On our way to Uyuni by bus and train, we stayed in Puno near Lake Titicaca but really only viewed the lake from the distance. We are on a mission to get to Uyuni and start biking.
Once in Uyuni, we got ready for our first ride through Salar de Uyuni, the Salt Flats. This would be a challenging way to start biking for several reasons. No roads are paved. The Salt Flats environment is flat, stark, and has no shade. So we needed to be completely self-sufficient and have enough food and water to get us through the long ride.
We set off and finally found the dirt highway, full of washboard ruts and potholes....we should have had mountain bikes. We made the best of it and trudged on for two hours, hoping that our bikes or racked would not crumble apart, until we made it to the Salt Flats. At that point, we ate lunch at a memorial site of those that had died in car accidents on the Flats. I cracked open my Bolivian canned tunafish to make a sandwich, and I swear I have never seen tunafish so horrid. It looked like catfood. We tried to eat the sandwiches and cringed in disgust, so I trashed it knowing we now had one less meal. At this point we wondered if eating on a memorial site was bad juju, so we payed our respects and hoped for the best.
We continued on to the Flats and made it to the Salt Hotel, where we bought all of their water and chatted up a German guy who kept looking at my Brooks saddle, so we knew he knew bikes. We planned on camping at the Island Intihuasi that night, and got directions. ¨Follow this road and you´ll find it¨ everyone told us. Seemed easy enough. So we head out and got on the road. As we road on after a few hours we realized the one road split into two, and then two more, which became four, and then the road started to to criss-cross. Uhhhh, where are we? We began to question the directions. Cars stopped passing by and we were alone....completely..... in the middle of nowhere. It was starting to get late, and we were a little worried, so Ryan eventually biked an extreme distance to catch up to a car to ask directions. The guy pointed us to the main drag in Salar to the Island and told us 20 more km to our destination. We thought, no problem, that we could get us there by dark, so we started in on the road. We could see the Island from the distance finally up ahead, but as we rode more and more, the Island never changed sized on the horizon. It was sooooo far away, playing evil tricks on us. Was it a desert mirage? An illusion? After some time, Ryan began to curse the Island.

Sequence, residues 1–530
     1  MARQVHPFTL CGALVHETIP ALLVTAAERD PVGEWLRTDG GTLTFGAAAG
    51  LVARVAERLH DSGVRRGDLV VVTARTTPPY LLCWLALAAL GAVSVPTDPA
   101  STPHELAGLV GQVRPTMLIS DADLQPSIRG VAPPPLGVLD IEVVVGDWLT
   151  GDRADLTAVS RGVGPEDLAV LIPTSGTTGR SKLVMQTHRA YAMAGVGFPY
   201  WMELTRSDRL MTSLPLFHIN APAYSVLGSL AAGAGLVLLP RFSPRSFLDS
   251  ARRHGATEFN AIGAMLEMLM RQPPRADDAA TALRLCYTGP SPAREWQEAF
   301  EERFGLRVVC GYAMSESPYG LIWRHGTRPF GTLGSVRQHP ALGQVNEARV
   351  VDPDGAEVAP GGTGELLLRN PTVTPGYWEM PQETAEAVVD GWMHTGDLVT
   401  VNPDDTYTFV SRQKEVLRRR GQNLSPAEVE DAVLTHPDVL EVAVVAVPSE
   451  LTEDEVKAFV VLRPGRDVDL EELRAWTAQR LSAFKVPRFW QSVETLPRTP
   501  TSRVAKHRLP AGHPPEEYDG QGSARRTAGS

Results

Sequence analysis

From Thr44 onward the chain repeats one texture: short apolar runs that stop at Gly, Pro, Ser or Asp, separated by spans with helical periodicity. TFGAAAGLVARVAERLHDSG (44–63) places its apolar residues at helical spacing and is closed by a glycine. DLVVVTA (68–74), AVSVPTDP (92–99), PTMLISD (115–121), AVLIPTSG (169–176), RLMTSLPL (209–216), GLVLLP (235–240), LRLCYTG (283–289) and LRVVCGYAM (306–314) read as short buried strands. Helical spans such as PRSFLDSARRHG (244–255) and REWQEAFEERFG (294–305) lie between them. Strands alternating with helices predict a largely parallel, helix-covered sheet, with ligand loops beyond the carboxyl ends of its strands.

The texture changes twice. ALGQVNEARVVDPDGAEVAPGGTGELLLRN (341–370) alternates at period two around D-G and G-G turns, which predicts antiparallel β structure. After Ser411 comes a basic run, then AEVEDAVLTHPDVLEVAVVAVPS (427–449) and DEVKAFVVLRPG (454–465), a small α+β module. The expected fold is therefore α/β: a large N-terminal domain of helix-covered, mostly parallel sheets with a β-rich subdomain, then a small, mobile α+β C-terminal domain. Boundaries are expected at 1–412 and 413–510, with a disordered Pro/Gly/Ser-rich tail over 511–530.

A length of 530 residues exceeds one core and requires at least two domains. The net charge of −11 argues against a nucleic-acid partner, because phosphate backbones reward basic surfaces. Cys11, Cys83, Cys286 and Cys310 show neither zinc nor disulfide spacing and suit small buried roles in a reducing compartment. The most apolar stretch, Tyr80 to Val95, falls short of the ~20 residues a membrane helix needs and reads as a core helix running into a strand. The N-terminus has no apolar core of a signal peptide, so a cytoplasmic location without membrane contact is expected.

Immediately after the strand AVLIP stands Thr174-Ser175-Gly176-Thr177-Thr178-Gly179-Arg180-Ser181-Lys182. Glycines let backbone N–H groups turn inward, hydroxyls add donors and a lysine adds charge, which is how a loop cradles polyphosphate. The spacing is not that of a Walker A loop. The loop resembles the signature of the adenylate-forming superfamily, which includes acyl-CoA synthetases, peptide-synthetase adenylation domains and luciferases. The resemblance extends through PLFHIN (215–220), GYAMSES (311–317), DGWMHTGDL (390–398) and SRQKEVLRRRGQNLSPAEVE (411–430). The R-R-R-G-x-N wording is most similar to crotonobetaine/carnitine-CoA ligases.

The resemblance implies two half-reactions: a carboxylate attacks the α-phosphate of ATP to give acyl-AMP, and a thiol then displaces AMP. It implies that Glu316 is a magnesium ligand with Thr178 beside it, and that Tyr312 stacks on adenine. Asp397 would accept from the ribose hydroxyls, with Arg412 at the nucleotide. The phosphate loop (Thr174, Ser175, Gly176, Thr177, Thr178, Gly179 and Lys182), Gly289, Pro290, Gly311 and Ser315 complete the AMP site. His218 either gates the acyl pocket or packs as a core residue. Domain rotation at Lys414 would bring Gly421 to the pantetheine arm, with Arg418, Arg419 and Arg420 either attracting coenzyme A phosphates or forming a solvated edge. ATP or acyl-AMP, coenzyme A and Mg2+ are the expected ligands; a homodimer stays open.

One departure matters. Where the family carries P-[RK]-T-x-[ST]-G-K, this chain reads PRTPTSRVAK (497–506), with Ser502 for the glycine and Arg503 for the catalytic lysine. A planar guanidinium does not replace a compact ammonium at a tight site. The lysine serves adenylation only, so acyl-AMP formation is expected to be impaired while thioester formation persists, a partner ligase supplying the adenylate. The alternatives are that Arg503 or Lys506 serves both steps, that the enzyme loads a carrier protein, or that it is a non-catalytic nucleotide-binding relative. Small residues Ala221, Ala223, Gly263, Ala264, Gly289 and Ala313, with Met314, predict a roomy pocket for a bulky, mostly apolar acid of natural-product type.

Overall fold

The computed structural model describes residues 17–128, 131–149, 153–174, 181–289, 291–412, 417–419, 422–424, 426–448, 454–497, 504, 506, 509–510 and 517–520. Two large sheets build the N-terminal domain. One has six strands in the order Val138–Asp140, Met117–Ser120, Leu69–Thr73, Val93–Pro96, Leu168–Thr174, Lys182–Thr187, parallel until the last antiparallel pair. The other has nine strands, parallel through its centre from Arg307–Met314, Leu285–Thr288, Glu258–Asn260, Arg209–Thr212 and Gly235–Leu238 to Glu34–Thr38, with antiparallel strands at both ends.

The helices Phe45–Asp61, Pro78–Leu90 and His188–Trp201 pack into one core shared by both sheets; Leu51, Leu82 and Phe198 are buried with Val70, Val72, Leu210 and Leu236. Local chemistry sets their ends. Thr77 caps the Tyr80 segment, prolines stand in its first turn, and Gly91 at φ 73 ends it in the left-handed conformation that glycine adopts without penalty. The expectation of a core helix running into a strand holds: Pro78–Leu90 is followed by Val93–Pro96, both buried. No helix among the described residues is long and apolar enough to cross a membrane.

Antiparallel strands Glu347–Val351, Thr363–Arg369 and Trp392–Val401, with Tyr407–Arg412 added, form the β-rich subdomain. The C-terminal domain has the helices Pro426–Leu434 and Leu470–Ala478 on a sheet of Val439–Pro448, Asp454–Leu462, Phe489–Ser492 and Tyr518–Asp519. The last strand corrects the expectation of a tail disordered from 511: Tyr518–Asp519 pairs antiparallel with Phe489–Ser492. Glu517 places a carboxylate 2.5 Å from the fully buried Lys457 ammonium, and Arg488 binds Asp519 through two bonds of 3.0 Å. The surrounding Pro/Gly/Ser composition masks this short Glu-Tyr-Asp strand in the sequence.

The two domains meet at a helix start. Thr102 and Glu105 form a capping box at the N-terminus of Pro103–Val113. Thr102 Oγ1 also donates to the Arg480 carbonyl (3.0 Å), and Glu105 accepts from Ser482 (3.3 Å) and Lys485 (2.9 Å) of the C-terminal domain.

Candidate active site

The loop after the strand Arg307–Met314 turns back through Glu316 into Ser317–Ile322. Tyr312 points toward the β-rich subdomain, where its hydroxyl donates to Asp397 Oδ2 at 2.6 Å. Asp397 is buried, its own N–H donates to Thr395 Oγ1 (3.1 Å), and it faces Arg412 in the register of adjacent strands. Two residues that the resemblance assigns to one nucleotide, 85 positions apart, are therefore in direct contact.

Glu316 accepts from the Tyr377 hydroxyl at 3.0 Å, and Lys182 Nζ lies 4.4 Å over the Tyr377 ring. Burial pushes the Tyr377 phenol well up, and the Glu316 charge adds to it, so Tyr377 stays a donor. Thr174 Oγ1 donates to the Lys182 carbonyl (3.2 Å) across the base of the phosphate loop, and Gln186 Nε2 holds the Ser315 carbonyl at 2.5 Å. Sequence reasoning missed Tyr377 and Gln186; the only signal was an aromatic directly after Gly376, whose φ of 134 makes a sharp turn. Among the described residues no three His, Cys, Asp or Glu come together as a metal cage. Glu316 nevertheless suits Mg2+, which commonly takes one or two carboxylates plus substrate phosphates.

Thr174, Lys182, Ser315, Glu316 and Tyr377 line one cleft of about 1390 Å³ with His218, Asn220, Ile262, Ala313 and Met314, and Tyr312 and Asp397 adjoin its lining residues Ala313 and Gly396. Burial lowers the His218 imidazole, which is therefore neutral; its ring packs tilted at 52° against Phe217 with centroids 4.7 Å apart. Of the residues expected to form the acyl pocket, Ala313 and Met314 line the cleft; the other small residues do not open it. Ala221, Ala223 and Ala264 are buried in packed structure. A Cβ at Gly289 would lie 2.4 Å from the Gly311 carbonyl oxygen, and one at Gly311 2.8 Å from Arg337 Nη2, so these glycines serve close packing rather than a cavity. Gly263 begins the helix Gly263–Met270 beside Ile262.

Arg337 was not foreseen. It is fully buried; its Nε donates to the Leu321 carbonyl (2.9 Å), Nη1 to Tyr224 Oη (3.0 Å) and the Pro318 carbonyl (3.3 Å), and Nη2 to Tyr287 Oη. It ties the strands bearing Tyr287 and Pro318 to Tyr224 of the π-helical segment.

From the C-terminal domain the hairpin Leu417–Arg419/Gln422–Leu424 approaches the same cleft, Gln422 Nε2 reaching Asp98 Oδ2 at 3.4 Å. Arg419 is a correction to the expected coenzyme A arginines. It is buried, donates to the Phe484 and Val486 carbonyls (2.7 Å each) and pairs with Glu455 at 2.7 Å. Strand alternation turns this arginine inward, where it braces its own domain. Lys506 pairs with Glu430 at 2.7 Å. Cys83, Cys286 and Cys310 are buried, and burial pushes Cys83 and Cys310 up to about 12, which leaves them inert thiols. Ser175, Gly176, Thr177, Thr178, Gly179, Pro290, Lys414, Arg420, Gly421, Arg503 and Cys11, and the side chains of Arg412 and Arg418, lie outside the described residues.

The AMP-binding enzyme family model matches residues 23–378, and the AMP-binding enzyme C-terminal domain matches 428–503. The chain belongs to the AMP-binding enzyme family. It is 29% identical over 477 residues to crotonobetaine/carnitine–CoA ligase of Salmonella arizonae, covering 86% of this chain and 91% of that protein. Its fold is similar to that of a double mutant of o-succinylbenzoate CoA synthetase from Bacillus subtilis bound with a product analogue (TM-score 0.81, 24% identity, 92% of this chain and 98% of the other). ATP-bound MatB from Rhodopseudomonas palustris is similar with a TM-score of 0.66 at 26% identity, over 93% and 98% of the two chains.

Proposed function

As the sun began to set, a headwind picked up in full force, and we could not keep going. What a disappointment. We were exhausted and had ridden at this point 92 km that day....way too much for the first ride, in the desert nonetheless. So we somehow got the tent up in this terrible wind and crashed out at 8:30 at night. No dinner, just sleep. Our water supply was low, maybe 2 liters, so we hoped in the morning we could get to that island. One thing was certain....after a ride like we had that day, we were not biking back to Uyuni. We would pay big $$ to the driver that would take us back.
When we awoke, sure enough we got to the island in about an hour. We at a fabulous breakfast, took photos and chatted with other tourists and tour operators and found out that there was a bus that came through to the Island from Chile. Saweet! So in the afternoon, we piled our bikes into the bus and headed out. Salar was a great time, but we were ready to move on.
We got back, got on the train and rode to the Argentinian border. What a great train ride! Beautiful red rock canyons, comfortable, and lots of cribbage. Later, we talked to people who bussed through this section of Bolivia instead, and it sounded really uncomfortable. The train is a much better way to go. I think it was $14 for the 1st class ticket for a 10 hr ride. Highly worth it.
If I had more time, I would have hit up Sucre, Cochabamba and other parts of Bolivia that are supposed to be absolutely amazing. But we just didn't have time since we were on a schedule to get to a festival in Argentina. I don't want to give a bad impression of Bolivia. In our case, it chewed us up a bit. For bikers, it is a rough time. But alas, we pulled through and came out more knowledgable and greatful for pavement.